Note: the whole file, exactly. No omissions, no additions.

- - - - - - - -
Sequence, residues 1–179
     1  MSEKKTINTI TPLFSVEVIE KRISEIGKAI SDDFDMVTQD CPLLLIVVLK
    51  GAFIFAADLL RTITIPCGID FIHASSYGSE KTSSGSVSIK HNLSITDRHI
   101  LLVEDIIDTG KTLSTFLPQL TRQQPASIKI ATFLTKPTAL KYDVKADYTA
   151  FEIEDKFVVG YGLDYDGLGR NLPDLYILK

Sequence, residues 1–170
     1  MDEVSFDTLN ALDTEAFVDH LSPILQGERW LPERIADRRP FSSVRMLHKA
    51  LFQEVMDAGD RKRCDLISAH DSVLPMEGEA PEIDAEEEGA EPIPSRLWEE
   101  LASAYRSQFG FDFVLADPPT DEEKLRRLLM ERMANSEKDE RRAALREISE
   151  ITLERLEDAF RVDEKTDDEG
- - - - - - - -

Sequence, residues 1–179
     1  MSEKKTINTI TPLFSVEVIE KRISEIGKAI SDDFDMVTQD CPLLLIVVLK
    51  GAFIFAADLL RTITIPCGID FIHASSYGSE KTSSGSVSIK HNLSITDRHI
   101  LLVEDIIDTG KTLSTFLPQL TRQQPASIKI ATFLTKPTAL KYDVKADYTA
   151  FEIEDKFVVG YGLDYDGLGR NLPDLYILK

Sequence, residues 1–170
     1  MDEVSFDTLN ALDTEAFVDH LSPILQGERW LPERIADRRP FSSVRMLHKA
    51  LFQEVMDAGD RKRCDLISAH DSVLPMEGEA PEIDAEEEGA EPIPSRLWEE
   101  LASAYRSQFG FDFVLADPPT DEEKLRRLLM ERMANSEKDE RRAALREISE
   151  ITLERLEDAF RVDEKTDDEG